WASHINGTON — A Midland, Texas, florist accused of participating in the Capitol riot has asked for her case to be moved out of D.C., saying the potential jury pool in the city is “tainted” by coverage of the January 6 insurrection.
Jenny Cudd, along with her co-defendant Eliel Rosa, faces charges of obstruction of an official proceeding, entering and remaining in a restricted building or grounds and disorderly conduct in a restricted building, among other counts.
Cudd, a one-time mayoral candidate, was photographed wearing a Donald Trump for President flag like a cape while joining in a mob that entered the Capitol rotunda during a joint session of Congress on January 6.
In an interview with WUSA9’s sister station NewsWest 9 two days after the riot, Cudd again said that “we the patriots did storm the U.S. Capitol” and that, “Yes, I would absolutely do it again.”
On Wednesday, Cudd’s lawyer filed a motion asking for a change of venue to Texas, saying the jury that would hear the case would be the “most politically prejudiced jury in the entire country” and claiming there is a concerted effort to “cancel” people for being “politically conservative and for their public support of Donald Trump.”
“The D.C. venire is polluted by the city’s political culture of ‘canceling’ those associated with allegations of ‘white supremacy,’” the motion claims. “A guilty verdict by a D.C. jury could be readily based on pretrial media affiliation of Ms. Cudd with ‘white supremacy.’ A not guilty verdict would be the political equivalent of social sin, of letting a ‘white supremacist’ off the hook or acting on her ‘white privilege,’ regardless of the facts in the case.”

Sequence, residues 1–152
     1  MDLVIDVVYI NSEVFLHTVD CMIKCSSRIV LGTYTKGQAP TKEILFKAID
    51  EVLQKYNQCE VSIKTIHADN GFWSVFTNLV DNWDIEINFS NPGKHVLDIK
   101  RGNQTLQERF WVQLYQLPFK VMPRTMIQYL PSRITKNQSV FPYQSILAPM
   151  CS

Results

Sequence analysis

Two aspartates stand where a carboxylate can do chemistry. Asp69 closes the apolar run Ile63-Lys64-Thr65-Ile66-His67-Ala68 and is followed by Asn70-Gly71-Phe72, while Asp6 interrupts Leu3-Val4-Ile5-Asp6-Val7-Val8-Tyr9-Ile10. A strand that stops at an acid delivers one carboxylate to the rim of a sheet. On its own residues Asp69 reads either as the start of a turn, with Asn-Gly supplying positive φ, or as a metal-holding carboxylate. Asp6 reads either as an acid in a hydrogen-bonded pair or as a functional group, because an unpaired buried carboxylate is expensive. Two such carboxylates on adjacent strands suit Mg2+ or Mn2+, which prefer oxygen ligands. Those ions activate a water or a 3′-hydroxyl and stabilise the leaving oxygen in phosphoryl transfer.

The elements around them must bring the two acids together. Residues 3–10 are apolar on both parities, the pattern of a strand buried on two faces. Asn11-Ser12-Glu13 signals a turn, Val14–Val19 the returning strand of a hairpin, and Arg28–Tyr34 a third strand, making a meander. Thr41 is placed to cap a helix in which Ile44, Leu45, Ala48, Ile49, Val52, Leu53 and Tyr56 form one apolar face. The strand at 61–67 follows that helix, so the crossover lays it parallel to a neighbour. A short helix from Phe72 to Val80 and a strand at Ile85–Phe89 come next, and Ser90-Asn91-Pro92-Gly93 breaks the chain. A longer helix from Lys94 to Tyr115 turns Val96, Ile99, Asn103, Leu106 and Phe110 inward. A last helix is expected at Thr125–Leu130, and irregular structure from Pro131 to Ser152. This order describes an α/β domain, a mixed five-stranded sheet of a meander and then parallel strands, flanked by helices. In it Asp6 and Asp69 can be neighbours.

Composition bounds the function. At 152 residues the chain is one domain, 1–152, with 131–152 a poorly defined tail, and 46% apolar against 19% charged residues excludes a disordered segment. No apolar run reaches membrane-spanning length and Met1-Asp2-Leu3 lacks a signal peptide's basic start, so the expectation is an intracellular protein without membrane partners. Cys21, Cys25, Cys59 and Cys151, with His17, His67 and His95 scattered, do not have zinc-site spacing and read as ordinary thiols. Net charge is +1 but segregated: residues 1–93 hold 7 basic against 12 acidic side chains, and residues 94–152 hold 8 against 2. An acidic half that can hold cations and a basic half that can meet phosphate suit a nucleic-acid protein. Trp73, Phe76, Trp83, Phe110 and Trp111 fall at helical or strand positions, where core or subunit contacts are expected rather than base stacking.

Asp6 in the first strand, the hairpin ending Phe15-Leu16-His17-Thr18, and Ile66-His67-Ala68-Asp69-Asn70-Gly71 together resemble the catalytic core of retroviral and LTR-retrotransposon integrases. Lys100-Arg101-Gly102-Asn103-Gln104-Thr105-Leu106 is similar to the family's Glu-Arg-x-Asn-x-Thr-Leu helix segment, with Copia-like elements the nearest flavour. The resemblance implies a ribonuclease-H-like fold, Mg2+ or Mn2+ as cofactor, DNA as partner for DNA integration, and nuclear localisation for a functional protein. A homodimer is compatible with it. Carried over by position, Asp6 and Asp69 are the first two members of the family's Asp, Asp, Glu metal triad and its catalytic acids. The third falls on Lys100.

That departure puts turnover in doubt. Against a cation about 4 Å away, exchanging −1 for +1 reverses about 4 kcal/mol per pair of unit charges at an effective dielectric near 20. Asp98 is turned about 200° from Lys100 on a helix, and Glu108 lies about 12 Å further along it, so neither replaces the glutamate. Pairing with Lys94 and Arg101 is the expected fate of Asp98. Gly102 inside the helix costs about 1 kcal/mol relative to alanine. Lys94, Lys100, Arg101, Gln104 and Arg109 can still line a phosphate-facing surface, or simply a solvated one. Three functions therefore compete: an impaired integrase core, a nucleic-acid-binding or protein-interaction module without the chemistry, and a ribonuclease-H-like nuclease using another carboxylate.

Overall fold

Cudd’s lawyer also claims the militarization of the National Guard to defend the Capitol following January 6 has “materialized into an incurable community prejudice against the Capitol incident defendants.”
All of that, Cudd’s attorney Marina Medvin argues, amounts to a violation of her client’s Fifth and Sixth Amendment rights to a fair trial. Medvin says the proper remedy is for the case to be moved to Texas, where both Cudd and Rosa live and where they were arrested.
“Jenny Cudd is being scapegoated for our societal race problems and being used by Democrat commentators as an example of someone who should be socially reprimanded,” Medvin wrote.
Medvin also asked the judge to sever Cudd’s case from Rosa’s, arguing that a statement Rosa made to the FBI will be used against her client and also that he can’t be called as a defense witness if he is a co-defendant.
On Friday, however, Medvin asked the judge to hold off on ruling on her motion temporarily – saying she believed a plea deal was in the works.
As of Friday afternoon, the Justice Department had not responded to either of Medvin's motions.